The Penang Water Supply Corporation (PBAPP) has questioned why Kedah only classified only 16 percent, or 17,025 hectares of the Ulu Muda Permanent Reserve Forests, as “water catchment forests”.
PBAPP CEO Jaseni Maidinsa (photo, above) asked what was the National Forest Act (NFA) classification for the remaining 84 percent of “permanent reserve forests” in Ulu Muda totalling 89,393ha.
"Has Kedah classified any areas in Ulu Muda as 'timber production forests' under the NFA? If so, how has Kedah banned logging in Ulu Muda?" he asked in a statement today.
Jaseni was referring to online posts by the Friends of Ulu Muda and WWF-Malaysia that the Ulu Muda Forest covers a total area of about 160,000ha.
According to the Ministry of Water, Land and Natural Resources, Kedah gazetted 106,418ha of Ulu Muda as permanent reserve forests as at July 1.
"But what is the status of the other 53,582ha?" Jaseni asked.
He said Perlis, Kedah and Penang are highly dependent on Ulu Muda as their regional water catchment area.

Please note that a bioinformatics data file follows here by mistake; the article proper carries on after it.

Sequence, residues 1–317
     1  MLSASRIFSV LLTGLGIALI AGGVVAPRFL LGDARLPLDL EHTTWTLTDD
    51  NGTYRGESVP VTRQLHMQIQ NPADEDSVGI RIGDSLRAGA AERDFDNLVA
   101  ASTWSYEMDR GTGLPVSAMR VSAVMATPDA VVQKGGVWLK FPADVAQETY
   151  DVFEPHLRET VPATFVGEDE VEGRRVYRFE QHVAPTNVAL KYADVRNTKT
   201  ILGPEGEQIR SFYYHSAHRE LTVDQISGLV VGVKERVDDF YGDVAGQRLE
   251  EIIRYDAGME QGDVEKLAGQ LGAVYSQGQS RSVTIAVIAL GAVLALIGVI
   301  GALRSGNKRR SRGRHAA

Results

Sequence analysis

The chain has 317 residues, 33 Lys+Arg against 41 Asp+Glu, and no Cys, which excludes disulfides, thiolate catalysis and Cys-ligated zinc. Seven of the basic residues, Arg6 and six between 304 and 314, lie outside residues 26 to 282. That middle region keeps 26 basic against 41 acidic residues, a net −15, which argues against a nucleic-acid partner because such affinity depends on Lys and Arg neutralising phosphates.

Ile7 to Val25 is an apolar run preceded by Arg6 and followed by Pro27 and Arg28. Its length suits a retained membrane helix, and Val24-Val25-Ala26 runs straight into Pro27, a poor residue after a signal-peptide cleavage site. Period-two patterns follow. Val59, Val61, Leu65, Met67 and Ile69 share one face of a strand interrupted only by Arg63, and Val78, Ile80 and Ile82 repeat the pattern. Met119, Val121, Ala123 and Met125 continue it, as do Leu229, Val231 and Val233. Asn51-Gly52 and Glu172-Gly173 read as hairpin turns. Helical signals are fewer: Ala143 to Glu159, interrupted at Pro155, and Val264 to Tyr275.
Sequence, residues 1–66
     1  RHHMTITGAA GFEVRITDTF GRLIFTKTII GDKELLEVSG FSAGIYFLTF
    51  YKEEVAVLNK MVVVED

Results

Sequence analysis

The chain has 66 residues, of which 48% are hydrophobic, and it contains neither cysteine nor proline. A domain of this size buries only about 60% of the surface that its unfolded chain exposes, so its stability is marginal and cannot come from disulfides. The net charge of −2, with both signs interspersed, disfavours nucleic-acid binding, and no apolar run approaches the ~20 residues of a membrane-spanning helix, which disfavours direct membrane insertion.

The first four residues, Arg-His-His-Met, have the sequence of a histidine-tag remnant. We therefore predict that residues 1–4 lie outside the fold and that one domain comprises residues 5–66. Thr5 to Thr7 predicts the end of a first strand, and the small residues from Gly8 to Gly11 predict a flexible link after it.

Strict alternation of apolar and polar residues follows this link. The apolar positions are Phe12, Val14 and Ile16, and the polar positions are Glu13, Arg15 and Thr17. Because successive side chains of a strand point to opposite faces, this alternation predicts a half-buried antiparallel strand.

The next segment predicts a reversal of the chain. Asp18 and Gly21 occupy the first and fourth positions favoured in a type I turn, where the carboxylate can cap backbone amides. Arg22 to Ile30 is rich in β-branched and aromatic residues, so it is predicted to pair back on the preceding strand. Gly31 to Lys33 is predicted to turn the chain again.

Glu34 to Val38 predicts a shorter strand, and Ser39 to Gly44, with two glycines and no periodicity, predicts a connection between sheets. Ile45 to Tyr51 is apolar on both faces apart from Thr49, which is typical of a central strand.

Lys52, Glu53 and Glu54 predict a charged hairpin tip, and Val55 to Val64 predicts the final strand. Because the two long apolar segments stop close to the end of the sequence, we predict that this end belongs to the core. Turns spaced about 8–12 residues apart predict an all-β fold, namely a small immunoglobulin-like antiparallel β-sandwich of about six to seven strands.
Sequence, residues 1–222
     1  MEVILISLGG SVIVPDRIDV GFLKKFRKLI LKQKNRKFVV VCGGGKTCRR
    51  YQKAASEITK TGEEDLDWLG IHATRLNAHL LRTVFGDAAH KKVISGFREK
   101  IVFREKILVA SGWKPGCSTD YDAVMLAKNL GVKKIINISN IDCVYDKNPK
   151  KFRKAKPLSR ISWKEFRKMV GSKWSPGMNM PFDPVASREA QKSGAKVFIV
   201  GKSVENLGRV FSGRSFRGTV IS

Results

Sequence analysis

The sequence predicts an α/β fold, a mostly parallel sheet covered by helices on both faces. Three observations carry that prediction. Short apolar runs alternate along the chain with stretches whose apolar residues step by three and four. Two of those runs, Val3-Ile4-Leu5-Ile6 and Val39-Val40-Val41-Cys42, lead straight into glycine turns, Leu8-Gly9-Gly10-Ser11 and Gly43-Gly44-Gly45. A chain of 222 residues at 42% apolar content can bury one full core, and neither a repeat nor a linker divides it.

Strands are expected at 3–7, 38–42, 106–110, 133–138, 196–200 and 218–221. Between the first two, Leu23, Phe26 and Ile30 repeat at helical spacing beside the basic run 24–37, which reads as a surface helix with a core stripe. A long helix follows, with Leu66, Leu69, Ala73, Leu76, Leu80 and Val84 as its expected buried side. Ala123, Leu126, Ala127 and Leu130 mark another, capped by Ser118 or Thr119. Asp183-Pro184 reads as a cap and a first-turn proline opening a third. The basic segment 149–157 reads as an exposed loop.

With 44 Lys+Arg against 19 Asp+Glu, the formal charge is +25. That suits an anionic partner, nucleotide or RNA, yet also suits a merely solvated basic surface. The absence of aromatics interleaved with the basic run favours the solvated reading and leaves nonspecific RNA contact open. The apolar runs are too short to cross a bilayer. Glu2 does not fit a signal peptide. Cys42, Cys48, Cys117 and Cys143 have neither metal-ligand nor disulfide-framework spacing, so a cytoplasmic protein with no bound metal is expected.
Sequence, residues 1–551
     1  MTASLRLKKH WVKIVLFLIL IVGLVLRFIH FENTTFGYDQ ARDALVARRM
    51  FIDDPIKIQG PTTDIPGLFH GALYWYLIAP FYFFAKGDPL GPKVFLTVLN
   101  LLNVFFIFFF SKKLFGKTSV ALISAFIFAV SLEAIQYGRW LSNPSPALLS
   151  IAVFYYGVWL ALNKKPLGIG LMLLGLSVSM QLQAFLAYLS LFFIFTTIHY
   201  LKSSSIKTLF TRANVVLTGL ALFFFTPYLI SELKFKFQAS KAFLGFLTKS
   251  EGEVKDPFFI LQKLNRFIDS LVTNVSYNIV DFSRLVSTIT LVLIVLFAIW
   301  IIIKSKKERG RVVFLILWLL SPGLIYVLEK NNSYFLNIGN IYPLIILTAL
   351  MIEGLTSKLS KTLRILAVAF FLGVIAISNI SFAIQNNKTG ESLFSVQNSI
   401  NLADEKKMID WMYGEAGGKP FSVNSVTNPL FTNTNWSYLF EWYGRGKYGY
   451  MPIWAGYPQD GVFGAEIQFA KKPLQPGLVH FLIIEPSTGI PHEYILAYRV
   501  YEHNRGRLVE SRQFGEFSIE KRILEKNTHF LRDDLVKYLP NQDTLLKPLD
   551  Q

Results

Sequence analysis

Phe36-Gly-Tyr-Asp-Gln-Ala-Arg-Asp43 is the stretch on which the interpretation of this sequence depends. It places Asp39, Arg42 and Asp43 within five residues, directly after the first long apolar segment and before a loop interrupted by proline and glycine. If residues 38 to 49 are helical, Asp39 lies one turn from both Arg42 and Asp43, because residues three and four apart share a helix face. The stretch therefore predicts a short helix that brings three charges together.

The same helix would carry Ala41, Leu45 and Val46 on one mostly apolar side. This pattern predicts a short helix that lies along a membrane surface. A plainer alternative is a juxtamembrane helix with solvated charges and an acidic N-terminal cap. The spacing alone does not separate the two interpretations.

"Let there be no doubt that any timber production in Ulu Muda will adversely affect water supply services, not only in Kedah but in three states," he said
Jaseni cited the July 1 parliamentary disclosure, which stressed the importance of properly defining the status of Ulu Muda and protecting it effectively.
He emphasised that Ulu Muda is the “Northern Region Water Catchment Area” and not merely permanent reserve forests in Kedah.
Jaseni urged the authorities to conserve Ulu Muda as a regional water catchment area, pointing out that this should be prioritised as a critical raw water management issue and not a forestry issue.
He cautioned that the status of Ulu Muda has a direct bearing on water supply sustainability for the three states.
"As such, Ulu Muda must be regarded as a national asset that requires care and protection by the federal government," he said.
Jaseni said the rainforests in Ulu Muda should be classified as “Forests for Federal Purposes” under the Section 10(1) of the NFA and the federal government must move to ensure that Ulu Muda is not destroyed.
"In order to sustainably conserve Ulu Muda legally, physically and in perpetuity, the federal government must compensate Kedah in a fair manner.
"Ulu Muda must be conserved properly, totally and immediately, not only for the birds and the trees but for the well-being of 4.2 million Malaysians, their children and grandchildren," Jaseni added.